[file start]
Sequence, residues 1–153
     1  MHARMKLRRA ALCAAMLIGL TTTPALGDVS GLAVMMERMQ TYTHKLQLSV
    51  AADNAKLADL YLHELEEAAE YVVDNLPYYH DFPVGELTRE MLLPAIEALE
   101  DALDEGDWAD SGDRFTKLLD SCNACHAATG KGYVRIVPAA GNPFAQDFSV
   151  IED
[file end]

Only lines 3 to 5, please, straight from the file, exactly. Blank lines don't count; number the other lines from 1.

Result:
    51  AADNAKLADL YLHELEEAAE YVVDNLPYYH DFPVGELTRE MLLPAIEALE
   101  DALDEGDWAD SGDRFTKLLD SCNACHAATG KGYVRIVPAA GNPFAQDFSV
   151  IED